On the other hand, the dog who suffers from dehydration will react differently. In the dehydrated dog, the skin will seem to stick together, and very slowly return to the normal position.

The best way to know when something is wrong with your dog is to know your dog. This means that you can easily and fast recognize health-related symptoms in your pup.

Recognizing the symptoms listed above in your dog should be enough to know when to react. Noticing any of these symptoms is a clear sign that you should consult your veterinarian.

To determine what’s wrong with your Fido, the veterinarian will have to conduct certain tests. This will most certainly include X-rays and blood panels.

In this phase your dog’s health must improve hydration – therefore, intravenous fluid therapy is possible, while the next expected step could be surgery.

If sand is discovered in the dog’s gut the fluid theory should help pass what is stuck in the intestine.

In some cases, dogs may be given oils to help loosen the sand and help it pass.

As a general rule, synthetic sugar should help alleviate constipation, while in more severe cases veterinarians could perform surgery to remove (extract) a portion of the sane.

This isn’t something that can be done overnight: this is a weeks-long process.

It may take a few weeks to pass all the sand, and it’s not uncommon for the consumption of salt in the water may further complicate the situation.

Will your dog experience some disturbance during this process? Simply said, yes.

Passing the sand isn’t a comfortable experience, because the grittiness of the substance is unpleasant to discharge.

Top Beach Dangers for Dogs

Day at the beach is great as long as there are no accidents and unplanned moments.

Eating sand is just one of many unusual things that can happen while at the beach.

Here are additional beach dangers to dogs that can make a perfect beach day into a real disaster.

Salt Water

Dogs should always have drinking water in reach all year round. Just like humans, dogs love clean drinking water.

Still, that won’t stop them from tasting saltwater, especially if they are puppies and just exploring the world around them.

If your dog ingests a large amount of saltwater it can lead to salt toxicity, which is also known as hypernatremia.

While swimming, your dog can ingest a significant amount of water. A dog can ingest saltwater from chewing on toys that have been soaked from the sea.

Signs of salt toxicity are easy to spot, as they include:

  • Vomiting
  • Diarrhea
  • Seizures
  • Confusion
  • Excessive thirst

Any of these symptoms can lead to coma if not treated right.

To avoid this situation and excessive drinking of saltwater, make sure that you have enough fresh water on hand.

It can also help to rinse them off before you leave the beach. This way you will remove any drops of seawater from their coat, that they can lick when licking their paws or any other body part.

Fish Hooks

It’s not very common for dogs to catch on fish hooks, but it can happen.

If you let your Fido swim in a popular fishing spot, you can expect fish hook-related accidents. How can this occur?

Even in the water, dogs will try to sniff around and explore anything unknown. This way they can easily come to various fishing hooks.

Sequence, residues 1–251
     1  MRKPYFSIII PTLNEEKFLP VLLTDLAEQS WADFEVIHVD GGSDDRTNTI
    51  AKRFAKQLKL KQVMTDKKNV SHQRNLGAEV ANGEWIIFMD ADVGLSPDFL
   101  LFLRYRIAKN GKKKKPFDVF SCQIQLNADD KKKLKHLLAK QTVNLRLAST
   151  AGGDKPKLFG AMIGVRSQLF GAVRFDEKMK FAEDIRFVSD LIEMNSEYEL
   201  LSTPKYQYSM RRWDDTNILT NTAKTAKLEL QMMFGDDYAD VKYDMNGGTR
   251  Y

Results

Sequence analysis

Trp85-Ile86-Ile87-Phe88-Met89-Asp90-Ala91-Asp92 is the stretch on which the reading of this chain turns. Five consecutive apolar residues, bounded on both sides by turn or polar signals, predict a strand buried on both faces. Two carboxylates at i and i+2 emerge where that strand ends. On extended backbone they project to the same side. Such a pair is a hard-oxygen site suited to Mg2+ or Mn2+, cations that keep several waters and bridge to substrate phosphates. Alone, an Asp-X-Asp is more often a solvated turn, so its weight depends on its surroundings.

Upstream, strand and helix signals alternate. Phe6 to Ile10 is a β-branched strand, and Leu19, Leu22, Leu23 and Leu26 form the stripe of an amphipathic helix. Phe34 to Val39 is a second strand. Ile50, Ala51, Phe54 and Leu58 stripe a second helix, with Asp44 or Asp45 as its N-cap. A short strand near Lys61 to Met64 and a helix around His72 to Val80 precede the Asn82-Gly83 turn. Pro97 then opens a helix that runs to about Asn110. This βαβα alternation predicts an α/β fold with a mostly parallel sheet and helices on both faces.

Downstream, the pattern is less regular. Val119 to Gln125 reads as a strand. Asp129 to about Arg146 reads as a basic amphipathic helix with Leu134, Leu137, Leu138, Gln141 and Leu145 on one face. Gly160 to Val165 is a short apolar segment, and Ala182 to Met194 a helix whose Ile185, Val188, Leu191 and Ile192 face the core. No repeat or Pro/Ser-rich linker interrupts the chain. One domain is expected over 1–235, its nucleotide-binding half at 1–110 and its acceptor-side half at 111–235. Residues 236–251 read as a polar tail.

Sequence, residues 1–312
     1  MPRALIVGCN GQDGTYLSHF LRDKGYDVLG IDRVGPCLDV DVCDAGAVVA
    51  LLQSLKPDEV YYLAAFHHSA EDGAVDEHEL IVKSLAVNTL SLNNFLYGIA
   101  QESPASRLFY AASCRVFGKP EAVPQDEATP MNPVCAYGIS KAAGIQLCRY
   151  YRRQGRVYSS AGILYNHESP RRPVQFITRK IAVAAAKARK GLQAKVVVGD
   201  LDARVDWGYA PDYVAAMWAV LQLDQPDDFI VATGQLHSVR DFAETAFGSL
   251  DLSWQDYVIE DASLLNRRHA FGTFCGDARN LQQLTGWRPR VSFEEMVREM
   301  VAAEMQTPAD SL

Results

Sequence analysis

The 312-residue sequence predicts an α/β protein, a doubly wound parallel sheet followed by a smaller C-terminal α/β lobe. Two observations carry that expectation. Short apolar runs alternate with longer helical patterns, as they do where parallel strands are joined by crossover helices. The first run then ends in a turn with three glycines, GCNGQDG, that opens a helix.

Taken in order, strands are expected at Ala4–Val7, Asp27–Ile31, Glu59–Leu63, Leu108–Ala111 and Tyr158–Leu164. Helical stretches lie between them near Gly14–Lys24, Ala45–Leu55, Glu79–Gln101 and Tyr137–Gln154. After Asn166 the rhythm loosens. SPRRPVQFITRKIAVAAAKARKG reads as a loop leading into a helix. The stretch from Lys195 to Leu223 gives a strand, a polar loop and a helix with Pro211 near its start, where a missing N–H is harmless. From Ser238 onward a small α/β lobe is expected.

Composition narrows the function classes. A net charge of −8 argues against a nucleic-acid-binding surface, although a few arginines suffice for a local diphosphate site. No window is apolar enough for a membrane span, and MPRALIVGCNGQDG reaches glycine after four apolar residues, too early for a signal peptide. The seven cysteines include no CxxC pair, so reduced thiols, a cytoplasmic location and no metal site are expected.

It takes a second for a dog to get attached to a hook. In fact, a hook will end up sticking in their mouth, stomach, throat, or even embedded in their skin.

What should you do if a dog swallows a fishhook? If this happened, the most important thing is to seek veterinary help immediately.

In moments like this, a second can be a make it or break it moment.

If the fish hook is stuck in the dog’s paw, or pierced through his lip, or stuck in any other place on the dog’s body, cover the area.

You can use a clean towel to do it. The goal here is to prevent the dog from grabbing the hook, licking it, or tugging it – you don’t want to let your dog worsen the situation.

Important:If there is a fishing line handing from dog’s mouth, its best not to try to remove it. Also, avoid pulling it because it can cause further injuries that you wish to avoid.

Puffer Fish

Pufferfish is packed with tetrodotoxin which is one of the world’s deadliest poisons, known to the human race.

This item is well spread across their skin and organs. Pufferfish is equally dangerous to humans and pets.

It’s common for people and pets to come across this fish the most during the spring and summer months. If you are based in a warm area all year round, then you and your dog are in bigger danger all year round.

If you know that your Fido, or yourself, can come in contact with this fish you should be ready to react to it.

Here are the most common symptoms that your dog can express:

  • Vomiting
  • Drooling
  • Trembling
  • Weakness
  • Paralysis
  • Breathing difficulty

The Bottom Line

Sand impaction can be real trouble if not treated on time. As a dog owner, you should think ahead and be ready for unplanned.

As a dog owner experiencing stressful situations is normal, because dogs have a mind of their own.

As such, they will sniff around, have a bit of almost anything – it’s just how they get familiar wuith the world around them.

Still, you should be watchful when it comes to new moments and new locations.

This applies to beach time as well. Be well prepared and do your best to react properly to unplanned moments. That being said, be mindful of possible beach danger.

Always have fresh water on you, provide enough shade for your canine, and be sure to react whenever you notice anything unusual in his behavior.

As long as you follow these steps and know how your dog behaves in general so you can recognize troublesome signs easily and faster.